Litepanels will also unveil new on-camera LED lighting fixtures, the Croma (variable color-temperature) and Luma (daylight). The Croma can illuminate in any color temperature from daylight to tungsten via an on-fixture control knob, making it a versatile solution for run-and-gun news shooters, event videographers, and still photographers who move rapidly from one light environment to the next. The Luma provides powerful daylight illumination that is perfect for fill light when shooting outdoors or in similar color temperature conditions. Both the Croma and Luma are sleekly designed fixtures that can be dimmed from 100 percent to 0 via an on-fixture knob, with no noticeable shift in color balance. They draw just 9W of current, with comparable light output to that of a 40W (HMI) to 90W (tungsten) fixture. This miserly use of power provides long life from AA batteries, or both fixtures can also be powered off an AC adapter.
Also making its NAB debut will be Litepanels’ Hilio high-intensity LED lighting fixture. The daylight-balanced Hilio is a small-footprint LED fixture capable of emitting daylight illumination over a 20’ to 25’ (6.1 - 7.6 M) distance, without requiring an external ballast. Early users of the Hilio compare the new Litepanels fixture favorably to the venerable HMI fixtures used by the television and motion picture industry, but without the HMI disadvantages such as heat generation, power hunger, short bulb life and required off down-time before restrike. The new high-intensity Hilio draws just 115W (while providing comparable illumination equivalent to a 575W HMI), and offers bulb life of 50,000 hours while operating from 100-240VAC 50/60 Hz, or 24VDC battery.
Matrox will introduce its MC-100 system, which is designed for on-set monitoring and 3D convergence for independent films.
Matthews Studio Equipment, the exclusive distributor of all FloatCam products in the United States, North and South America as well as Asia, will introduce the new member of the FloatCam DC-Slider family, HD-DC Slider to support heavier cameras like Arri Alexa.
“Now, FloatCam HD-DC Slider can do the same for heavier cameras like Alexa,” says Robert Kulesh, vice president of sales and marketing for Matthews Studio Equipment. “It can handle much larger cameras without compromising stability, performance and, of course, creativity.”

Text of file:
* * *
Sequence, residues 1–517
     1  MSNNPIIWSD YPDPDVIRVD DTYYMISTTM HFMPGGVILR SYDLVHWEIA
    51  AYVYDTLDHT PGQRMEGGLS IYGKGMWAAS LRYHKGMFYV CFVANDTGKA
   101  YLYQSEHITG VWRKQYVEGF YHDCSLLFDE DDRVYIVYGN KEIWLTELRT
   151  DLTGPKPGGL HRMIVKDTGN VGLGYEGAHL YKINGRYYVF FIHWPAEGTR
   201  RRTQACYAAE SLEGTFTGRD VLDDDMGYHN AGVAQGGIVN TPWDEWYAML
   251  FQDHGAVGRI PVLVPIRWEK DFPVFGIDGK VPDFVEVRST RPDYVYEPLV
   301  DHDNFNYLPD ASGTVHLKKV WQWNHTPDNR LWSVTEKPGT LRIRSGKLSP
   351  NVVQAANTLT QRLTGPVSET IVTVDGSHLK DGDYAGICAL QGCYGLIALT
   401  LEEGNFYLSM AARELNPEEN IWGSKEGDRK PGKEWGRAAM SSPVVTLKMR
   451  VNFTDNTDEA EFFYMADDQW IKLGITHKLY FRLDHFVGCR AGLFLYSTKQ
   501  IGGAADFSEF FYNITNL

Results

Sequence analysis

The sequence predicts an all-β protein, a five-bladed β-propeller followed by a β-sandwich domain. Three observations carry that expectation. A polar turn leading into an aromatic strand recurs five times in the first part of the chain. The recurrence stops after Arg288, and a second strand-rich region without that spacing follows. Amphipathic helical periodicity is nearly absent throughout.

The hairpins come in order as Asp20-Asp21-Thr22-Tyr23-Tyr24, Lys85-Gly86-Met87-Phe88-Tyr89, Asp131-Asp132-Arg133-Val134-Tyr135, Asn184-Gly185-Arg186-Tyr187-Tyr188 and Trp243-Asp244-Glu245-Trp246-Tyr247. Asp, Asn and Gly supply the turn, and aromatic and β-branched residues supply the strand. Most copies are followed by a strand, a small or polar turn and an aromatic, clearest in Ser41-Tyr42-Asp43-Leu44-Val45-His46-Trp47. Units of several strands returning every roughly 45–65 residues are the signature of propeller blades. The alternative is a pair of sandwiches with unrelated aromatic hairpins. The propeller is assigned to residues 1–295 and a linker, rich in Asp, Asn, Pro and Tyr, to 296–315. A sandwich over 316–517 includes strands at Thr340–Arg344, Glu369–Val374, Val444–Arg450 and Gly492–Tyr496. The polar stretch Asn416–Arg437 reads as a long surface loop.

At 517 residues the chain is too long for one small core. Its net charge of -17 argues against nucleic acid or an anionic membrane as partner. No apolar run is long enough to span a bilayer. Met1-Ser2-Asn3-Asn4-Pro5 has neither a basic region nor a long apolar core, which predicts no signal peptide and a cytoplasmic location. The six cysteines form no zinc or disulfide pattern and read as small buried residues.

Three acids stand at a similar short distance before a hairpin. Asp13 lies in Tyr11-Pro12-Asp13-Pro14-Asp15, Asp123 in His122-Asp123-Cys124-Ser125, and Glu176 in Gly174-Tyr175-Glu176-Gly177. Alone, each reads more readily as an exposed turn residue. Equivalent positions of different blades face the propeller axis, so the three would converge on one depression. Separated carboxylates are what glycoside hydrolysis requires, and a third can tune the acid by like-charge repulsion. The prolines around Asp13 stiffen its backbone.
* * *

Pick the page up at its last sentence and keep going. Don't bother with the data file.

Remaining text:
The new FloatCam HD-DC Slider features a rail length of 73-inches(185cm), tracking length of 63-inch (160cm), vertical height of 79-inch (200cm) and maximum load of 70 pounds (32Kg) with rail and fulcrum weight of 50 pounds (23Kg). The counterweights top at 70 pounds (32Kg). And the mini jib specs are a working diameter horizontal at 63-inch (160cm).
Matthews will also introduce their new line of Tinker Tools. Designed, for those who have made iPads, iPhones and other small devices a vital part of their production package, the Tinker Tools are a way to keep everything close at hand – but hands free. MSE’s Tinker Tools not only keep your smaller gear close and safe – they’re cool to use.
There’s the MicroClamp that is the base of the whole system. It can grip to round of flat surfaces, as well as many other objects or any shape you can find on the set. “Think outside the box and we’ll get it can clamp to almost anything you need handy,” says Kulesh. “It has dual 3/8-inch and ¼-inch mounting holes for flexibility, high performance stick pads and an aluminum locking kip handle.”
For those who need to keep their phone handy but want their hands free there’s the Smart Phone Adapter that uses the MicroGrip technology and two brackets for secure mounting. “Best thing about it you can take advantage of all those iPhone/iPad apps you need on set or location or even in a moving vehicle,” says Kulesh.
Then there is the MUT, which helps mount any kind of tablet or iPad, with or without a protective case. It simply adjusts form 10-inch to 13-inch long and 1-inch to ¾-inch thick. It works with standard mounting devices and comes with a ¼-20-inch female thread hole on the back of the bracket.
To meet the new market trend of lighter weight sports and outside broadcast production needs, Miller Camera Support has unveiled a new 150mm ball base fluid head, Skyline 70 that supports a diverse choice of camera configurations up to 40 kg / 88 lbs.